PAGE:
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We’re a smart bunch in healthcare. We are always innovating, elevating and evolving with a tech-centric mindset. But in our quest to achieve quality scores of 3.0, 4.0 or the coveted 5.0, have we forgotten some of the basics so critical to quality, patient-centric care?  The recent hospital stay of a family member fraught with missteps and a mind-boggling lack of communication and human connection, has me thinking of a decidedly old-fashioned tool that needs to be re-emphasized in the health care context: the satisfaction survey. 

In modern terms, it’s actually the user experience survey, but for our purposes it’s the patient experience of care survey. I can hear your response already. “We already have patient review options on Google and Yelp! And then there are physician reviews through CAHPS.” Of course, online review portals abound, but for purposes of overhauling the patient’s experience of care, there needs to be dialogue rather than a complaint or love letter forum.  

I wonder if our adherence to national regulatory organizations like CQA, URAC and The Joint Commission – all important to quality care – have allowed us to be sidetracked from also appropriately measuring the patient care experience. The auto industry has multiple regulatory agencies, but their surveying is so prompt and relentless as to be annoying at times.   

Applying the user experience to one of my favorite steakhouses, it’s obvious that this upscale chain provides continuous training in attentiveness, conversation and top-notch service. Regardless of who waits on us, the shared goal is clear: “We want you to come back.” And with their active and immediate use of diner experience surveys, they’ll know why people do return – or don’t.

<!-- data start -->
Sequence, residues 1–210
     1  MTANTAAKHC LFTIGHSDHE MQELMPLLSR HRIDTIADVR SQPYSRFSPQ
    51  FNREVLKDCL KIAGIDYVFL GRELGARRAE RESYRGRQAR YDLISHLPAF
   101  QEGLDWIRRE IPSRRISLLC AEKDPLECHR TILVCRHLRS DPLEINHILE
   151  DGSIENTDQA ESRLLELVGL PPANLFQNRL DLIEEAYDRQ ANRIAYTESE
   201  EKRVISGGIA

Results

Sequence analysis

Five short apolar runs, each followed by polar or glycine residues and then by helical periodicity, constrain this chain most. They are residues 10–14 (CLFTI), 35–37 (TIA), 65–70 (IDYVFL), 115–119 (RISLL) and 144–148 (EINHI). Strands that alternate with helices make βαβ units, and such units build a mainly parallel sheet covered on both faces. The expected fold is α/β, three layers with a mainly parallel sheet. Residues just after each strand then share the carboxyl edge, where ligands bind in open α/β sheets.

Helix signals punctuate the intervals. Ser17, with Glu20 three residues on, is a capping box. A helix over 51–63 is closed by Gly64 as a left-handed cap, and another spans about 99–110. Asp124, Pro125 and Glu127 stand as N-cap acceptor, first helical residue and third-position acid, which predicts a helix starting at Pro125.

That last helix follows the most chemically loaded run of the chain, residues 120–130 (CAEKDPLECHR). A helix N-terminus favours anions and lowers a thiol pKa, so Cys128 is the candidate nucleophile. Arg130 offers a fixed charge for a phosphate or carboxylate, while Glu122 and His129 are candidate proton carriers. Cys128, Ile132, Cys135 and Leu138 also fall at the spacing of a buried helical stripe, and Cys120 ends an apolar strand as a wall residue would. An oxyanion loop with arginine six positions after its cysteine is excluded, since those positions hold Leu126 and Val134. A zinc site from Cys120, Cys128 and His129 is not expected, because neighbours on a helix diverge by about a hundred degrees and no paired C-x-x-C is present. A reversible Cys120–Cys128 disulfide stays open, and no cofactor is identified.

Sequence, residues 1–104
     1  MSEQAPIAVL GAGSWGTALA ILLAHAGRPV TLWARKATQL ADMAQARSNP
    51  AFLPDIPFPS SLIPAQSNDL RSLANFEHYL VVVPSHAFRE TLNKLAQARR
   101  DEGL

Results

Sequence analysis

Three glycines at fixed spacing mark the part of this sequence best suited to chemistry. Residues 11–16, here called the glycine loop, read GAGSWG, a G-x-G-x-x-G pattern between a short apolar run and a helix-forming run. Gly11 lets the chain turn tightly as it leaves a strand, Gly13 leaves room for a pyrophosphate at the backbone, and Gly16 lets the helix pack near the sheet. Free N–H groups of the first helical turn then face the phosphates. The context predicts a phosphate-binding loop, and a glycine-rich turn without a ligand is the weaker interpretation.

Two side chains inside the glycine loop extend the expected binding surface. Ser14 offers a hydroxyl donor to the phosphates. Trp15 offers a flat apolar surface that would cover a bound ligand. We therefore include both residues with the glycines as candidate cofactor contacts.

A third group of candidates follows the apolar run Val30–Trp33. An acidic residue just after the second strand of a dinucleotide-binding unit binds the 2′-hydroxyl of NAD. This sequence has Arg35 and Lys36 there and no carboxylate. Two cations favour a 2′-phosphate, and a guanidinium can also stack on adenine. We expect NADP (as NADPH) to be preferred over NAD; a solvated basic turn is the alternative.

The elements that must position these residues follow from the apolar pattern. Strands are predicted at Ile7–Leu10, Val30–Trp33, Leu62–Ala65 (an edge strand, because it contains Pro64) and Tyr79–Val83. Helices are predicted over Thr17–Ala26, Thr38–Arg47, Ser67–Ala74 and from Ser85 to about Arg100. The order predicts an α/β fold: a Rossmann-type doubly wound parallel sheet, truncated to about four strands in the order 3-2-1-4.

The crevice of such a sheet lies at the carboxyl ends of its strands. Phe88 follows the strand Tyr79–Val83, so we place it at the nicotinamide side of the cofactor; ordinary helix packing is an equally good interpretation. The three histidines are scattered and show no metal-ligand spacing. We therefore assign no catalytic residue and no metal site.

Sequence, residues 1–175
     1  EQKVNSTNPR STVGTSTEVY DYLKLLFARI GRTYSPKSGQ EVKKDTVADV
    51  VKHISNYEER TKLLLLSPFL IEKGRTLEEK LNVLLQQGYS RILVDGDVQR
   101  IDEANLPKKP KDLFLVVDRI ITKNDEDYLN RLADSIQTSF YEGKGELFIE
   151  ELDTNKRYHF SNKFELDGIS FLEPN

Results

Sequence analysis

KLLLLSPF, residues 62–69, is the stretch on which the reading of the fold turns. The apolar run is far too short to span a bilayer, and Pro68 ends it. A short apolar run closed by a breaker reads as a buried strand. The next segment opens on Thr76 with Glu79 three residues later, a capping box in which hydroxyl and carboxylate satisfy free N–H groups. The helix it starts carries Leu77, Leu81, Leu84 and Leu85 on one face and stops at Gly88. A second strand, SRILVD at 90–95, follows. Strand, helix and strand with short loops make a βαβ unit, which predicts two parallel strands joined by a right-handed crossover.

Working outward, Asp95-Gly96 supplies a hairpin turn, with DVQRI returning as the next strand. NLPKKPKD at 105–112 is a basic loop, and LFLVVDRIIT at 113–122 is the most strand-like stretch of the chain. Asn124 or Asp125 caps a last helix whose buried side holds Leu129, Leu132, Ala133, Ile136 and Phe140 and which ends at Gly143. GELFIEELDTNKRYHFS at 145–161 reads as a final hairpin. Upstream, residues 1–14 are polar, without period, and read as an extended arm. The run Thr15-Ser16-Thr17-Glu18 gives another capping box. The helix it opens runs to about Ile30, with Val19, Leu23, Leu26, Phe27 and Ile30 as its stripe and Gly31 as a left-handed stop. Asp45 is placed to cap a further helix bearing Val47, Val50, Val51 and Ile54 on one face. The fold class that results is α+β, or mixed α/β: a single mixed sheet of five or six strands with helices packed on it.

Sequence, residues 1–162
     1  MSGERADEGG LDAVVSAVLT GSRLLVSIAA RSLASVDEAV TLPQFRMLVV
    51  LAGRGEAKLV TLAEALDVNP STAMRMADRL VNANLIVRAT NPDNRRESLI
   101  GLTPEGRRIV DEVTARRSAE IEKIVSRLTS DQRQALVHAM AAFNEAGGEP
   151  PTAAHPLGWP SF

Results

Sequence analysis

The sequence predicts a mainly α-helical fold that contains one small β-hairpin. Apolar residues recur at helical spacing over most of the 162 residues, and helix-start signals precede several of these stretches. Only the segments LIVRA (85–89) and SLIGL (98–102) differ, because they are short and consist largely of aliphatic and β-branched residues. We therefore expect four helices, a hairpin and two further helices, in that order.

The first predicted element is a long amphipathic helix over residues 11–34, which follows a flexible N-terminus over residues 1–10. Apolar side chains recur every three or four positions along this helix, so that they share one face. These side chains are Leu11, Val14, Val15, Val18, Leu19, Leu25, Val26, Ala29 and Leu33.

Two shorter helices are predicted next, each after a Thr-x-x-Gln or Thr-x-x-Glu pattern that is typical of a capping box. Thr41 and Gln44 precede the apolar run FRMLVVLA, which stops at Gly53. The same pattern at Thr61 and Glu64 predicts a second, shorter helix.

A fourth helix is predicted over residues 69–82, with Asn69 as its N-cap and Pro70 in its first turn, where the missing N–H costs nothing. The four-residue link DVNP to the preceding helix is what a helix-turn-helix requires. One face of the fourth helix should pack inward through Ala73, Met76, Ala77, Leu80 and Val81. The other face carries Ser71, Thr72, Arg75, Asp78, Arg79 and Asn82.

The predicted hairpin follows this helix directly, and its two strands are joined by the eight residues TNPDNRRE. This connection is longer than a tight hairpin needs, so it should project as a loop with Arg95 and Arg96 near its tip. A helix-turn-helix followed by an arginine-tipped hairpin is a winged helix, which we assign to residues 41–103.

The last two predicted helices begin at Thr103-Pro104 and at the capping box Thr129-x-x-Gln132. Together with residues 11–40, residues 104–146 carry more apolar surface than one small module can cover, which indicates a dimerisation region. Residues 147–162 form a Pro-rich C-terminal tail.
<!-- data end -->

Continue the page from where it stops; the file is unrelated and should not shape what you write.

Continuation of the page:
Staying on the retail side (perhaps fitting, given the growing influence of retail in healthcare), I also had a positive experience recently at my regular hair salon. I heard the receptionist calling (and texting) customers that their stylist was running a half hour behind and they should plan to arrive accordingly – or reschedule if necessary. Think of how often physicians and Advanced Practice Providers run behind schedule, albeit usually for very good reasons. But if a practice continually has patients waiting a long time, it’s time to take the temperature of the practice workflow. Are you over-booking? Are your workflow processes slowing you down and impacting the patient experience of care to the point where they either look for another provider or fail to follow provider recommendations of care because they feel rushed, unheard or deemed unimportant because their time appears to have no value? 

If my family member had received a patient experience of care survey within one-week post-discharge, the issues would be fresh and clear. After all, admission, discharge and transfer notifications are now “real-time” so what’s the delay in health plans getting surveys out?   

Three to six months later, the survey would likely be ignored, and the opportunity for an enhanced – or even adequate -patient care experience lost. Granted, the survey responses would not be happy ones. But that need not be the case in health care.   

In a niche treatment clinic for the same condition that landed my family member in the hospital, there were constant displays of empathy and concern. A warm and sincere connection was made between staff and patient. The fact that escalation of treatment was required beyond the clinic did not diminish the patient’s experience. There has been no survey received yet – and perhaps there won’t be. If not, it will be a missed opportunity not for improvement, but for encouragement and continued motivation. To remind clinic staff, who are likely often overworked and overwhelmed, that the patient’s experience of care was exceptional – because of them.